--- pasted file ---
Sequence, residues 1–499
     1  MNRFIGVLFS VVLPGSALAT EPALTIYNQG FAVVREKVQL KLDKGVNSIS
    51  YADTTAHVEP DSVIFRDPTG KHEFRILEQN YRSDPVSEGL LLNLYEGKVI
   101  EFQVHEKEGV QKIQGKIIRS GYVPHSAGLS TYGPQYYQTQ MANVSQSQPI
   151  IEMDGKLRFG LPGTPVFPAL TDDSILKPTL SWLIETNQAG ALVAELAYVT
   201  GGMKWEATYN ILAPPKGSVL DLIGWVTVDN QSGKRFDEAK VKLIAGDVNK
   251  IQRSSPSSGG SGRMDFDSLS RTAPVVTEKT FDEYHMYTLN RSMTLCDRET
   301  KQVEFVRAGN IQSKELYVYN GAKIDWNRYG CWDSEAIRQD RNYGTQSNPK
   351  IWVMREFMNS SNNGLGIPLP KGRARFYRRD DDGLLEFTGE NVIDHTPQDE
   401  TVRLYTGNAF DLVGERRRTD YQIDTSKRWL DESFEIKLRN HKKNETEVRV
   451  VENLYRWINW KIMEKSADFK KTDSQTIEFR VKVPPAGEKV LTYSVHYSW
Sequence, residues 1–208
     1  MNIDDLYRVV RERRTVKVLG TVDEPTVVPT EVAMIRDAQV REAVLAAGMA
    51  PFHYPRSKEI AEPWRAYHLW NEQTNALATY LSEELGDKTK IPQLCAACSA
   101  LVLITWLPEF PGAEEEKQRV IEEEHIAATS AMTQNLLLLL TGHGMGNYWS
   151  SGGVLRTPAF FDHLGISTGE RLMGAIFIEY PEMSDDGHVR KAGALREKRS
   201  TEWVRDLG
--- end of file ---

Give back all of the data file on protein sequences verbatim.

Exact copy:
Sequence, residues 1–499
     1  MNRFIGVLFS VVLPGSALAT EPALTIYNQG FAVVREKVQL KLDKGVNSIS
    51  YADTTAHVEP DSVIFRDPTG KHEFRILEQN YRSDPVSEGL LLNLYEGKVI
   101  EFQVHEKEGV QKIQGKIIRS GYVPHSAGLS TYGPQYYQTQ MANVSQSQPI
   151  IEMDGKLRFG LPGTPVFPAL TDDSILKPTL SWLIETNQAG ALVAELAYVT
   201  GGMKWEATYN ILAPPKGSVL DLIGWVTVDN QSGKRFDEAK VKLIAGDVNK
   251  IQRSSPSSGG SGRMDFDSLS RTAPVVTEKT FDEYHMYTLN RSMTLCDRET
   301  KQVEFVRAGN IQSKELYVYN GAKIDWNRYG CWDSEAIRQD RNYGTQSNPK
   351  IWVMREFMNS SNNGLGIPLP KGRARFYRRD DDGLLEFTGE NVIDHTPQDE
   401  TVRLYTGNAF DLVGERRRTD YQIDTSKRWL DESFEIKLRN HKKNETEVRV
   451  VENLYRWINW KIMEKSADFK KTDSQTIEFR VKVPPAGEKV LTYSVHYSW
Sequence, residues 1–208
     1  MNIDDLYRVV RERRTVKVLG TVDEPTVVPT EVAMIRDAQV REAVLAAGMA
    51  PFHYPRSKEI AEPWRAYHLW NEQTNALATY LSEELGDKTK IPQLCAACSA
   101  LVLITWLPEF PGAEEEKQRV IEEEHIAATS AMTQNLLLLL TGHGMGNYWS
   151  SGGVLRTPAF FDHLGISTGE RLMGAIFIEY PEMSDDGHVR KAGALREKRS
   201  TEWVRDLG